Real numbers are the logical units to use when discussing time (and no, I won't debate this point with my physicist son!) Time blocks are continuously divisible into smaller ones, so the reals, which easily represent a continuum, simply make sense.

Kurt Milam
@kurtmilam
Dec 05 2018 15:29 UTC
I'm partial to the imaginary numbers, like √-5 :)
Ben Briggs
@ben-eb
Dec 05 2018 15:30 UTC
@kurtmilam Yes, R.juxt works like this
juxt([add(1), add(10)])(1) // [2, 11]
Kurt Milam
@kurtmilam
Dec 05 2018 15:32 UTC
:boom: That's the ticket! Time to say goodbye to my mapApplyTo :D
Thanks - I've used juxt, but it's been a while.
Ben Briggs
@ben-eb
Dec 05 2018 15:33 UTC
:smiley: :thumbsup:
Kurt Milam
@kurtmilam
Dec 05 2018 15:34 UTC
We need a Roogle (Hoogle for Ramda).
Ben Briggs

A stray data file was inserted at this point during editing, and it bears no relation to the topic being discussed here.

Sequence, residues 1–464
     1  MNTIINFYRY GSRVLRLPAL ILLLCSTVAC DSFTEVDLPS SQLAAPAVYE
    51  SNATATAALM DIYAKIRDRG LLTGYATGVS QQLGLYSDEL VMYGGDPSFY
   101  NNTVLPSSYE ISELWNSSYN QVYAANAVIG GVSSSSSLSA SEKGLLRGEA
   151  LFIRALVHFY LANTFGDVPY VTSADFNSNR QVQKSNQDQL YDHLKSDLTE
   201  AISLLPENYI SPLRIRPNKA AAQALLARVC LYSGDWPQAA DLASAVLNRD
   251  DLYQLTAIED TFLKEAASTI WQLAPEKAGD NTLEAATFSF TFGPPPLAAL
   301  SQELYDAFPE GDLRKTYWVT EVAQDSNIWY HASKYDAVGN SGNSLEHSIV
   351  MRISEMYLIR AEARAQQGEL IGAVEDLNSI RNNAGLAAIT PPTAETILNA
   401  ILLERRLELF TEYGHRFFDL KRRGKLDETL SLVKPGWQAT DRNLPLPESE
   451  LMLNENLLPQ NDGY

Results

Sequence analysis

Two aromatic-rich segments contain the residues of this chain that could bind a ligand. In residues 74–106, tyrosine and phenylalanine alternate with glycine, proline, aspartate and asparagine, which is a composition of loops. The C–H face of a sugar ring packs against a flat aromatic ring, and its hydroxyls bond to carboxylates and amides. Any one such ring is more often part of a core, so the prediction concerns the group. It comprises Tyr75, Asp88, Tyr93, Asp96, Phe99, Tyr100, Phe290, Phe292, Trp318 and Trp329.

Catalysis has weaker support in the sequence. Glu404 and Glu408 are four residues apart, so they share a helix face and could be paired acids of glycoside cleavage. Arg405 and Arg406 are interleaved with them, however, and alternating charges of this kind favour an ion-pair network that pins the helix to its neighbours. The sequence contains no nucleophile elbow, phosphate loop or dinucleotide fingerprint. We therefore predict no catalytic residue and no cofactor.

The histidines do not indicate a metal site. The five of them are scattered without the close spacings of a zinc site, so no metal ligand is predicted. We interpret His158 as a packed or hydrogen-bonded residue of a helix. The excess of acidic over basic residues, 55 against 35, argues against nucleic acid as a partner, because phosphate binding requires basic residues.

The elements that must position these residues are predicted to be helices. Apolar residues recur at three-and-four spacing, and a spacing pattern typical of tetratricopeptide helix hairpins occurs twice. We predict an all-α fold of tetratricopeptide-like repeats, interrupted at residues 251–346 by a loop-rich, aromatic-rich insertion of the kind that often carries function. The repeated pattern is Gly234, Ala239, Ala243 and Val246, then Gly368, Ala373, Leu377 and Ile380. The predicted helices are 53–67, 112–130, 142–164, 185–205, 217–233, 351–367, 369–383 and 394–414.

@ben-eb
Dec 05 2018 15:35 UTC
Kurt Milam
@kurtmilam
Dec 05 2018 15:37 UTC
Thanks - that's also handy. Bookmarked.
Ben Briggs
@ben-eb
Dec 05 2018 15:37 UTC
You're welcome!
Scott Sauyet
@CrossEye
Dec 05 2018 16:17 UTC
I really do want to try to create a Hoogle, but we'd have to tame our signatures first.
Dec 05 2018 16:36 UTC
I've still never used juxt and am not sure how it works :stuck_out_tongue:
Kurt Milam
@kurtmilam
Dec 05 2018 17:06 UTC
I'm doing a bunch of plane geometry with line segments, points, etc. juxt makes it easy to turn an array of line segments into an array of tuples consisting of the segment length and segment starting point.
Scott Sauyet
@CrossEye
Dec 05 2018 17:06 UTC
R.juxt([f, g, h]) //=> (a, b, ...) => [f(a, b, ...), g(a, b, ...), h(a, b, ...)]
Kurt Milam
@kurtmilam